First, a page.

The King of Charisma
With a sparkling smile that could light up even the dimmest corner of the darkest wrestling arena in the country, Masambula headlined bills throughout his entire career, right from his 1952 debut through to the tragic televised climax in 1975. When Masambula was on the bill there was no doubt who fans would be talking about as they left the hall. Talking with smiles on their faces. The full length leopardskin, the huge grin, the celebratory headstand on the corner post, the straggly limbs that seemed unconnected, the large rolling eyes with the hint of voodoo magic, the ready quips; Masambula gave us much to talk about.
Whether in single combat or as one of the Black Knights alongside Honey Boy Zimba, Jumping Jim Moser or Alan Bardouille, the improvised humour of wrestling’s African Witchdoctor made him stand out from other comedy wrestlers whose tried and trusted routines were trotted out on a regular basis down the years. We enjoyed the madness of Billy Torontos, the guile of Les Kellett and the set pieces of Catweazle, but only when Masambula was wrestling were we truly unsure as to what to expect.
His potential was clearly identified very early on, and as a full-blown fifties heavyweight he took on, and in many cases defeated, all the great names of that golden era including Alf Cadman, Martin Conroy, Norman Walsh and Eric Taylor. He had in fact a remarkable undefeated streak that was only terminated in the early sixties by the at the time undefeated masked icon, Count Bartelli. In the early days Masambula appeared in a tribal grass skirt, but after this had been set on fire by misguided fans, and having shed several stones through illness, the Masambula of later years entered the ring clad in a full-length leopard skin, one of wrestling’s truly magnificent sights indeed. Bernard Hughes told us: “The first time that Masambula came to Newcastle, he was driven by Norman Morrell in ( I think it was) a Lincoln convertible, colour, Pearl green, with a huge boot. Out of the huge boot came a tea chest which I was told contained a tribal headdress. It was like a carnival Big Head. That was worn into the ring together with the leopard skin leotard. The Big Head was rapidly dropped because of the smaller boot space in British cars."
What a prolific traveller he was, topping bills the length and breadth of the UK, to such an extent that it wasn’t immediately clear that he actually lived in Yorkshire. His weight settled down to about 13 stone 4 pounds, scarcely filling out his wiry frame, but making him a suitable opponent for box office middleweights as light as McManus, Pallo and Street as well as his very regular heavier adversaries such as Lee Sharron, Johnny Yearsley, Buster Martin and, most particularly a wrestler he seemed to face with extraordinary regularity, Untouchable Bobby Graham.
Unlike the other black wrestlers of his era, Masambula chose really to ham up the Witchdoctor part. While Zimba could barely manage the least intimidating little war dance imaginable, and Kwango remained more Cockney than a pearly king, Masambula rolled those eyes, seemingly to threaten his opponents that they were for the pot. A lithe and agile athlete who displayed true technical ability and an extensive unorthodox repertoire of off-the-cuff antics.
In 1968, Russell Plummer very tellingly described Masambula as "one of the more proficient top-of-the-bill personalities of modern wrestling in Britain."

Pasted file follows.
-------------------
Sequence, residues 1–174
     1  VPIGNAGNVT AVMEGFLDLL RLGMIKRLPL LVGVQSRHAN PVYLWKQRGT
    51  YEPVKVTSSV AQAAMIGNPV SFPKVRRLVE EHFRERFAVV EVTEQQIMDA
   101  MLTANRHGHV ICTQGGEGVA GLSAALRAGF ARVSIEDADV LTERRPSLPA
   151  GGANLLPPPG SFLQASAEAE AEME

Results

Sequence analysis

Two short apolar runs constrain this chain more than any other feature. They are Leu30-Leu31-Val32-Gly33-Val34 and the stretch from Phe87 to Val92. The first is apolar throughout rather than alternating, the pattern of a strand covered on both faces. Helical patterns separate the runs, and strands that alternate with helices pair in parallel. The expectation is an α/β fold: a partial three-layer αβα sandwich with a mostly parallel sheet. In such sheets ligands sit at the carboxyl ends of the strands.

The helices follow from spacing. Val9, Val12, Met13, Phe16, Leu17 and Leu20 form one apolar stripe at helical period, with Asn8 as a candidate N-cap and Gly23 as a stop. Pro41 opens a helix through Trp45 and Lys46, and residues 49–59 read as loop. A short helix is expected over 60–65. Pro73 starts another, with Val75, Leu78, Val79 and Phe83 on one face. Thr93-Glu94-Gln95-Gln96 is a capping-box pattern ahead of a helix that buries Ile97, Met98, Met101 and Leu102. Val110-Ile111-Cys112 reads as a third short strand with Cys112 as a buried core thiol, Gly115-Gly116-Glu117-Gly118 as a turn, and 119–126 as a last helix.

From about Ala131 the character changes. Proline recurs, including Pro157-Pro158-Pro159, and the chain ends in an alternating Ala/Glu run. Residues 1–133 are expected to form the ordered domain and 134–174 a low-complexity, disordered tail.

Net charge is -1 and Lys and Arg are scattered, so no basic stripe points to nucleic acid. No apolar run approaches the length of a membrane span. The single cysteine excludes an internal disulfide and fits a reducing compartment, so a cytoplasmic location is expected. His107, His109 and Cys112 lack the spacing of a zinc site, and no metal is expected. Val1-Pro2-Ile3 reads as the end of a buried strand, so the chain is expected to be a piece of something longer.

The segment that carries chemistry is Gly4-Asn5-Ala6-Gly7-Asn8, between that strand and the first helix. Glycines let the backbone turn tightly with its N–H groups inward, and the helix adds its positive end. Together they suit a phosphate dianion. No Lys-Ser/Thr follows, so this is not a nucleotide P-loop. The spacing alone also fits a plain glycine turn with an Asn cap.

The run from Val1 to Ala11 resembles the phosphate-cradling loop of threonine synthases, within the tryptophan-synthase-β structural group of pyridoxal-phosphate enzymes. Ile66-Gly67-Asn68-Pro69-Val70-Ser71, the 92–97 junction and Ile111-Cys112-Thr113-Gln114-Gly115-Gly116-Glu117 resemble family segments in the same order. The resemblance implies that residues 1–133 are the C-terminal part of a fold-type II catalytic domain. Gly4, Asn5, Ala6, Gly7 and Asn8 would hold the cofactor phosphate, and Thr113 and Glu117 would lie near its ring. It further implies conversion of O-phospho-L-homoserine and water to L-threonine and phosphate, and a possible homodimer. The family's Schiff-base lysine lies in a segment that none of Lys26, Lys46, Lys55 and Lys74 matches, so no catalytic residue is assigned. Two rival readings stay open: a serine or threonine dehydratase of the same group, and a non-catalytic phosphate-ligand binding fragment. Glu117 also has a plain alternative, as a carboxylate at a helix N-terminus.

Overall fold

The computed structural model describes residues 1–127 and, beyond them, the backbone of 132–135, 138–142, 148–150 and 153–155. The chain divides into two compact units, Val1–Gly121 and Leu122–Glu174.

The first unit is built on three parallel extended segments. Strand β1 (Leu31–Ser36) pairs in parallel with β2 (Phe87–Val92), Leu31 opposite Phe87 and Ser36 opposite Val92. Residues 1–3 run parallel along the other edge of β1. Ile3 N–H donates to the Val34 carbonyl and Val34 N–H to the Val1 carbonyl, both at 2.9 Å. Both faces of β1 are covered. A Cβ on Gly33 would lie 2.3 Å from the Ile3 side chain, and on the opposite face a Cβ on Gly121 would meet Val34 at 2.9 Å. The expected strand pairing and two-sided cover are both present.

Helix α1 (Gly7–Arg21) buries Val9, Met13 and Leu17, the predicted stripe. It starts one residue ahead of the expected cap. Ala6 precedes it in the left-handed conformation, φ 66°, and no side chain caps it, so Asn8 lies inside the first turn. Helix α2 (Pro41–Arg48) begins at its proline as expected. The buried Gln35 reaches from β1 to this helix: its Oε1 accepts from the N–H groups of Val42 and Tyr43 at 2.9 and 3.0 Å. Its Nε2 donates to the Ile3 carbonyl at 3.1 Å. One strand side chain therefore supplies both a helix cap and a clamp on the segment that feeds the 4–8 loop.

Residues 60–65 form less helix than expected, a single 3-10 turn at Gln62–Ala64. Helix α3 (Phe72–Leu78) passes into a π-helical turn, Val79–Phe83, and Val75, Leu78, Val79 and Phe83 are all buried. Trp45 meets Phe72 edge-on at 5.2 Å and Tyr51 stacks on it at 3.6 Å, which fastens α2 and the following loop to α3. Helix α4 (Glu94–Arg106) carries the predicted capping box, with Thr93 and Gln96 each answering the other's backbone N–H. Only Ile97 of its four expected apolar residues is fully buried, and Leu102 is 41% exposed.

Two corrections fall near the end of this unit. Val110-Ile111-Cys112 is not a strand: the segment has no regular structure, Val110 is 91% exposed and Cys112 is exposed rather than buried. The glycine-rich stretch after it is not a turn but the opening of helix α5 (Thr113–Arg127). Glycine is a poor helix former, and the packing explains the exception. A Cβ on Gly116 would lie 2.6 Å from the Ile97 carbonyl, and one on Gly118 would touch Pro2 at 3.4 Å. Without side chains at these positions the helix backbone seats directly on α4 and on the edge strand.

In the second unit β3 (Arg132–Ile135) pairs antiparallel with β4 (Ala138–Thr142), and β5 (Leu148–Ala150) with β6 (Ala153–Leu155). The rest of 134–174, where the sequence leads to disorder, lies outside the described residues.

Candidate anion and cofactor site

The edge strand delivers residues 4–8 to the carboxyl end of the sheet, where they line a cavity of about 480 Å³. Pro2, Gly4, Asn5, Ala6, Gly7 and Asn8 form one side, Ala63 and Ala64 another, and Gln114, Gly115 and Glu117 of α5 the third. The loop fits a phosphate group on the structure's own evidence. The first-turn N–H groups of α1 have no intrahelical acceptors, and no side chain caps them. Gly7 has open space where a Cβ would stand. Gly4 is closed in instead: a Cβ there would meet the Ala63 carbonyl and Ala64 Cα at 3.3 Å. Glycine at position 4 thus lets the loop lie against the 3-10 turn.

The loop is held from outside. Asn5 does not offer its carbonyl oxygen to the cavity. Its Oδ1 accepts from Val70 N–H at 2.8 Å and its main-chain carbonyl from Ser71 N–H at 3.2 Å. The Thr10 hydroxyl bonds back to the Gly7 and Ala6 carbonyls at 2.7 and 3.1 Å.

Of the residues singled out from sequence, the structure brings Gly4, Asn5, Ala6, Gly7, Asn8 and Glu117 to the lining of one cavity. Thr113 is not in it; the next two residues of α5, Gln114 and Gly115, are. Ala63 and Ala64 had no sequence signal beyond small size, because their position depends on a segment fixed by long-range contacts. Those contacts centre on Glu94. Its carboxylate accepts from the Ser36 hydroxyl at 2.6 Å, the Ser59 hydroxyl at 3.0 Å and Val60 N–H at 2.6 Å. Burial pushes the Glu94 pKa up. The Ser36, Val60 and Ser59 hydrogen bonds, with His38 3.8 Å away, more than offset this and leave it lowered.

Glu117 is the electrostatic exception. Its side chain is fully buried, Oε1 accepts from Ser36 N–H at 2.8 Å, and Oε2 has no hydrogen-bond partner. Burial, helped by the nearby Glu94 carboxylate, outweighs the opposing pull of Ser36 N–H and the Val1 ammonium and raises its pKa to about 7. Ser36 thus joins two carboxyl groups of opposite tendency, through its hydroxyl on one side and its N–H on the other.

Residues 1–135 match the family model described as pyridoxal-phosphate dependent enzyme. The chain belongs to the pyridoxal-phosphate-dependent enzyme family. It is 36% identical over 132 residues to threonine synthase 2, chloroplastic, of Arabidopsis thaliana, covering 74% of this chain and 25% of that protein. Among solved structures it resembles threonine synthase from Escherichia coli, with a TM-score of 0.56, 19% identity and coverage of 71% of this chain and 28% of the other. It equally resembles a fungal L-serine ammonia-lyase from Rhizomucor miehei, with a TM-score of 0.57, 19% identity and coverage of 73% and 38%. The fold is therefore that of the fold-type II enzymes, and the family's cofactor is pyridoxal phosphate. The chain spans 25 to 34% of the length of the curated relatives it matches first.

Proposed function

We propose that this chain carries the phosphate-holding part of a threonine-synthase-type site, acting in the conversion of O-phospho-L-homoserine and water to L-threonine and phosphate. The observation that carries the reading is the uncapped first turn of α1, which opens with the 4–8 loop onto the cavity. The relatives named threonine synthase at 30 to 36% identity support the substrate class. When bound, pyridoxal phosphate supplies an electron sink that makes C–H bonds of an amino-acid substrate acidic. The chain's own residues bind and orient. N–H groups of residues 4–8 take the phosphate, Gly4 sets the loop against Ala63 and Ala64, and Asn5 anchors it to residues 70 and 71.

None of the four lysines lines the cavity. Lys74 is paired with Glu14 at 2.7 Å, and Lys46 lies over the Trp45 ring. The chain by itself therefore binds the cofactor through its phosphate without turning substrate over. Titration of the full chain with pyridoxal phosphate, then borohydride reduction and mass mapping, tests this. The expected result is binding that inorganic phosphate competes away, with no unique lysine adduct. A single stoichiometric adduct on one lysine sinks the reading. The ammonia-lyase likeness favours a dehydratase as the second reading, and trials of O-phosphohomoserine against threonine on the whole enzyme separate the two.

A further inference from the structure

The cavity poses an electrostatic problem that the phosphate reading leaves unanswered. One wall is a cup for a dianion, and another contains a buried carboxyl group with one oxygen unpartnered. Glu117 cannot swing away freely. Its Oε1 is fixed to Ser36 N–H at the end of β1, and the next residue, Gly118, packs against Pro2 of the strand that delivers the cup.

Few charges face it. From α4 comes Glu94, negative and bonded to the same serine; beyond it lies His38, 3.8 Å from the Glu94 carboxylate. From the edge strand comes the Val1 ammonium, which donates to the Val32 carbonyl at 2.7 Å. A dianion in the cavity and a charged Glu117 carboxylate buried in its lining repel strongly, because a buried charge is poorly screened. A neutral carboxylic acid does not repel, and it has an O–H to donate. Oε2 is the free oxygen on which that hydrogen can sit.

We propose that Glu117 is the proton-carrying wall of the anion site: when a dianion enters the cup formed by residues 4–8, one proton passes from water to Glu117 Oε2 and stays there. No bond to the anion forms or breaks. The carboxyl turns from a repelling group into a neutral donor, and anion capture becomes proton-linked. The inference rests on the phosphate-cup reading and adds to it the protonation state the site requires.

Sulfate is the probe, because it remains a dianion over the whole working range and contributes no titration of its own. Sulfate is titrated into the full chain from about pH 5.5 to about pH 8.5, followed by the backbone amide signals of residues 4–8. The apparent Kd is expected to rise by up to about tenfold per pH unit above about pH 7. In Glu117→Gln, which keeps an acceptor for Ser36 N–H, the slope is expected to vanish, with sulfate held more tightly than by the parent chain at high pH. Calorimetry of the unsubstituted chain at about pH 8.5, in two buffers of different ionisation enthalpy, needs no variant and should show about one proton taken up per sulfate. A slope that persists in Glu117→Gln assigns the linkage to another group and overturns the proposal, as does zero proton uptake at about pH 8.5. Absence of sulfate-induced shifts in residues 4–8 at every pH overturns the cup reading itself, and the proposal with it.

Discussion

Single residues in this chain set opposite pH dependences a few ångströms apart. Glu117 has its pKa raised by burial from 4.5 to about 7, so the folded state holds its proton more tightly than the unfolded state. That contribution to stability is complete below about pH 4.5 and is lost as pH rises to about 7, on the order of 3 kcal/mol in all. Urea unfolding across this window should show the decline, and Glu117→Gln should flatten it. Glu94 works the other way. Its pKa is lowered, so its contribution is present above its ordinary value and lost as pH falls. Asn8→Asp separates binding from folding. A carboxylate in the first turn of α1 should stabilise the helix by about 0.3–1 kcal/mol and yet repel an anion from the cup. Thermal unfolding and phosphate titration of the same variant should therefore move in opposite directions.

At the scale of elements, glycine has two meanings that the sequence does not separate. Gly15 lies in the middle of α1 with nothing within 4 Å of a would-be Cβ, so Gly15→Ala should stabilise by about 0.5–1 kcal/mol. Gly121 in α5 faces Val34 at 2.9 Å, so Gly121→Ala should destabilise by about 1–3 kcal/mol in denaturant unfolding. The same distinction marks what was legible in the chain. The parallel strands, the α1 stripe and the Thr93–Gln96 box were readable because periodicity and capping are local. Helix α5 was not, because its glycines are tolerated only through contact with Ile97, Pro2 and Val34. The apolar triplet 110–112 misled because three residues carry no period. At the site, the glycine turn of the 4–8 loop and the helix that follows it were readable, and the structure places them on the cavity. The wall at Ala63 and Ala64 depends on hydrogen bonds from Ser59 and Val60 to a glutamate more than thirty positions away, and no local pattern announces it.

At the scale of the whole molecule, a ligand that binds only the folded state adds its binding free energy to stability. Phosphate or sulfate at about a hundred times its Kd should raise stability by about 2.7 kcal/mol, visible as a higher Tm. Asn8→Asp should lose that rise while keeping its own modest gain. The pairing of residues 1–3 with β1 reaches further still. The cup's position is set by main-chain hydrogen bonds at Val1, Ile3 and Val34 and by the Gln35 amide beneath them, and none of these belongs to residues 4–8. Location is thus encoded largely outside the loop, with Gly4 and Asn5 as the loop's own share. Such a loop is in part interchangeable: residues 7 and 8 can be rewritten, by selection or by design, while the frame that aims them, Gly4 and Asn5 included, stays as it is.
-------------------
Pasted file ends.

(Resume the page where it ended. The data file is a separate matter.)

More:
The love and respect we shared for the great entertainer was made all the more emotional that fateful 19th February 1975, when, in the Preston Guild Hall, and in front of television cameras, he took from Judo Pete Roberts a posting of the kind he had taken thousands of times through his illustrious career. But the corner padding was not secured properly and the crunch of the impact reflected the collapsing of his spine, exacerbated only by the follow up slam. As Mas lay motionless on the canvas, we imagined he was up to his old tricks, wasn’t he always? But the referee’s slowing count could do nothing but eventually and reluctantly reach the unplanned ten and the sounding of the bell which called time prematurely and uninvitedly on this youthful veteran’s glittering 23 years at the top. The momentary commotion as the ubiquitous St John’s men were called urgently was followed by a strange quietness. It probably only lasted a few seconds, but there was a communal sense of something being terribly wrong. Although no one knew how serious the injury was the rest of the night was more subdued than usual. Later in the show there was an announcement that he had been admitted to hospital.
Newspaper coverage allowed us to follow his struggle for compensation through the courts from those responsible for that Preston equipment. After six years he was finally awarded £20,000, but, with a family to feed and wheelchair bound, this was scarcely sufficient.
Nowadays, the golden age gone by of pro wrestling seems to be more and more of interest to fans both old enough to recall it and young enough not even to have been born when Masambula wrestled his last, and reunions and books abound. Sadly lacking is much mention of this inspirational, clever and above all highly entertaining performer. That he should have had to struggle so for assistance from a sport to which he dedicated his working life so reliably and that he should then have been completely and totally excluded from the promoters’ publicity machines when, quite the reverse, adulation and support were due, remains one of the darker secrets of professional wrestling to this day.
The Wrestling Heritage site was born (in April 2007) at the time of the sad death of Masambula, and we dedicated our launch to all the fun he brought to millions of wrestling fans in a career that directly paralelled British wrestling's heyday.